Autophagy is the primary cellular catabolic program activated in response to nutrient starvation. Initiation of autophagy, particularly by amino acid withdrawal, requires the ULK kinases. Despite its pivotal role in autophagy initiation, little is known about the mechanisms by which ULK promotes autophagy. Here we describe a molecular mechanism linking ULK to the pro-autophagic lipid kinase VPS34. Upon amino acid starvation or mTOR inhibition the activated ULK1 phosphorylates Beclin-1 on S14, thereby, enhancing the activity of the ATG14L-containing VPS34 complexes. The Beclin-1 S14 phosphorylation by ULK is required for full autophagic induction in mammals and this requirement is conserved in C. elegans. Our study reveals a molecular link from ULK1 to activation of the autophagy specific VPS34 complex and autophagy induction.
The molecular understanding of autophagy has originated almost exclusively from yeast genetic studies. Little is known about essential autophagy components specific to higher eukaryotes. Here we perform genetic screens in C. elegans and identify four metazoan-specific autophagy genes, named epg-2, -3, -4, and -5. Genetic analysis reveals that epg-2, -3, -4, and -5 define discrete genetic steps of the autophagy pathway. epg-2 encodes a coiled-coil protein that functions in specific autophagic cargo recognition. Mammalian homologs of EPG-3/VMP1, EPG-4/EI24, and EPG-5/mEPG5 are essential for starvation-induced autophagy. VMP1 regulates autophagosome formation by controlling the duration of omegasomes. EI24 and mEPG5 are required for formation of degradative autolysosomes. This study establishes C. elegans as a multicellular genetic model to delineate the autophagy pathway and provides mechanistic insights into the metazoan-specific autophagic process.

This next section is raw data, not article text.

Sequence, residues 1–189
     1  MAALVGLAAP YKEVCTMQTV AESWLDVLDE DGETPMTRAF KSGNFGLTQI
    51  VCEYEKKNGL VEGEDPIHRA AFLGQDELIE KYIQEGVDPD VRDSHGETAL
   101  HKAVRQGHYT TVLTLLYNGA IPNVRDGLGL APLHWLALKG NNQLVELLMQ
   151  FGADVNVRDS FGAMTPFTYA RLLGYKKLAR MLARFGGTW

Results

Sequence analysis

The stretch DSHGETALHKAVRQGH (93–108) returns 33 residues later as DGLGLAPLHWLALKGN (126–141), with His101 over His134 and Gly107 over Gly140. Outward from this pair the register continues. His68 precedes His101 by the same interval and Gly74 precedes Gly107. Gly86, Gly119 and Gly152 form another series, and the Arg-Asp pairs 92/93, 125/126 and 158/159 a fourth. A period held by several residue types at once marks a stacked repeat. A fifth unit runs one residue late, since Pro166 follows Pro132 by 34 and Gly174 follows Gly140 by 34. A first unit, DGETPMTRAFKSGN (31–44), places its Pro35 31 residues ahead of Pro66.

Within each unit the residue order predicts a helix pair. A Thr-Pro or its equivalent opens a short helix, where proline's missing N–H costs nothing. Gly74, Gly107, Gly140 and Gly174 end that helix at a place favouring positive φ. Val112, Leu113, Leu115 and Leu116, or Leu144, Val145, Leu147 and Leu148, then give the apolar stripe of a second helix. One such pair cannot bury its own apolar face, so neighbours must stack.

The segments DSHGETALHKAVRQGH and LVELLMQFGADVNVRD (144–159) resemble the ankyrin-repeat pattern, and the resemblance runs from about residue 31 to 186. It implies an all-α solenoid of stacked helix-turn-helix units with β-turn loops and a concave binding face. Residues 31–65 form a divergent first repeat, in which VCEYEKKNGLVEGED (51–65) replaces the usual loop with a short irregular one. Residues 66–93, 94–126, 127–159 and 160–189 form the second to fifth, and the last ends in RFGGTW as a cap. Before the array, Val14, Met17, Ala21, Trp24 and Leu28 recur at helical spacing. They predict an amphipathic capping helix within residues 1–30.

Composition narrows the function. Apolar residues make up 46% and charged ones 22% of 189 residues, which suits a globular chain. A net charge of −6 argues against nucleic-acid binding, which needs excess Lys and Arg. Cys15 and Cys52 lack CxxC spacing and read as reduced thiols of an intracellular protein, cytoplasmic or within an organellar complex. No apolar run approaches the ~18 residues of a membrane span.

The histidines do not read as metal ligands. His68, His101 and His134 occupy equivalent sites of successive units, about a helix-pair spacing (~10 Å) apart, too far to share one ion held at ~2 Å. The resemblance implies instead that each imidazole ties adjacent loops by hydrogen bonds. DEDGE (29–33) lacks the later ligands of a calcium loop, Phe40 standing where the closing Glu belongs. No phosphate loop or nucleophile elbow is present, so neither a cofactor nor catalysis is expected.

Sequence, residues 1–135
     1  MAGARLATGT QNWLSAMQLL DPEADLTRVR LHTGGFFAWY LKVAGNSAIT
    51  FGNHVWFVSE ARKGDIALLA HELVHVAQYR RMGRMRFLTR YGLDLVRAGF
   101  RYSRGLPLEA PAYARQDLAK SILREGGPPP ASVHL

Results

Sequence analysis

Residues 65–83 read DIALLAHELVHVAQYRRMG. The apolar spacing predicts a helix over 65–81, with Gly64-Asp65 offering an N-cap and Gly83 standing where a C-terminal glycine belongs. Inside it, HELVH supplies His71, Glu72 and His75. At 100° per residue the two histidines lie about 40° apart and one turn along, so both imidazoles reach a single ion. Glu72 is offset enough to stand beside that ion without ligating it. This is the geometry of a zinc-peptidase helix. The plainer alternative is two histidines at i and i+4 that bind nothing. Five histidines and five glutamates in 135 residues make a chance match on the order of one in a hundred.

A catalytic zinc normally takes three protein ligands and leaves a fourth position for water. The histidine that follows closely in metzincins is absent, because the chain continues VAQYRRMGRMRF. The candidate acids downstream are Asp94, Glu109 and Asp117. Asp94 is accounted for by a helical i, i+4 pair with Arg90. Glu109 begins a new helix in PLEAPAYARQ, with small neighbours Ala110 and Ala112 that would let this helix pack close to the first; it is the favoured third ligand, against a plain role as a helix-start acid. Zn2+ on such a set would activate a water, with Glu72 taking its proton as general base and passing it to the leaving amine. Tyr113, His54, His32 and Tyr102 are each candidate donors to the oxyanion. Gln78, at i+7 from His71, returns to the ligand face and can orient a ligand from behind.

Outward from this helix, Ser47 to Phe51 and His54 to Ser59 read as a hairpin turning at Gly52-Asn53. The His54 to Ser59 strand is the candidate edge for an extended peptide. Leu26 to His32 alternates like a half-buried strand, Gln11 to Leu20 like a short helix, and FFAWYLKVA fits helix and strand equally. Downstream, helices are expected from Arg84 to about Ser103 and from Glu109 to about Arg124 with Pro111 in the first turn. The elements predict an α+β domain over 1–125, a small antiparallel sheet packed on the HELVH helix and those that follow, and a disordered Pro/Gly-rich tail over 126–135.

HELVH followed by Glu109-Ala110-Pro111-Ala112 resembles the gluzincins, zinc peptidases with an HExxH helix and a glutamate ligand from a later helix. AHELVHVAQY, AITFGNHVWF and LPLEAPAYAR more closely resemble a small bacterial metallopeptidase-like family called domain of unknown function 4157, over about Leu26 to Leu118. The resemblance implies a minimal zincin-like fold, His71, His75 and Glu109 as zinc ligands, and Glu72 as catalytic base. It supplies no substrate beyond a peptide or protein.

Extracellular vesicles (EVs) have sparked tremendous interest owing to their prominent potential in diagnostics and therapeutics. Isolation of EVs from complex biological fluids with high purity is essential to the accurate analysis of EV cargo. Unfortunately, generally used isolation techniques do not offer good separation of EVs from non-EV contaminants. Hence, it is important to have a standardized method to characterise the properties of EV preparations, including size distribution, particle concentration, purity and phenotype. Employing a laboratory-built nano-flow cytometer (nFCM) that enables multiparameter analysis of single EVs as small as 40 nm, here we report a new benchmark to the quality and efficiency assessment of EVs isolated from plasma, one of the most difficult body fluids to work with. The performance of five widely used commercial isolation kits was examined and compared with the traditional differential ultracentrifugation (UC). Two to four orders of magnitude higher particle concentrations were observed for EV preparations from platelet-free plasma (PFP) by kits when compared with the EV preparation by UC, yet the purity was much lower. Meanwhile, the particle size distribution profiles of EV preparations by kits closely resembled those of PFP whereas the EV preparation by UC showed a broader size distribution at relatively large particle size. When these kits were used to isolate EVs from vesicle-depleted PFP (VD-PFP), comparable particle counts were obtained with their corresponding EV preparations from PFP, which confirmed again the isolation of a large quantity of non-vesicular contaminants. As CD9, CD63 and CD81 also exist in the plasma matrix, singleparticle phenotyping of EVs offers distinct advantage in the validation of EVs compared with ensemble-averaged approaches, such as Western blot analysis. nFCM allows us to compare different isolation techniques without prejudice.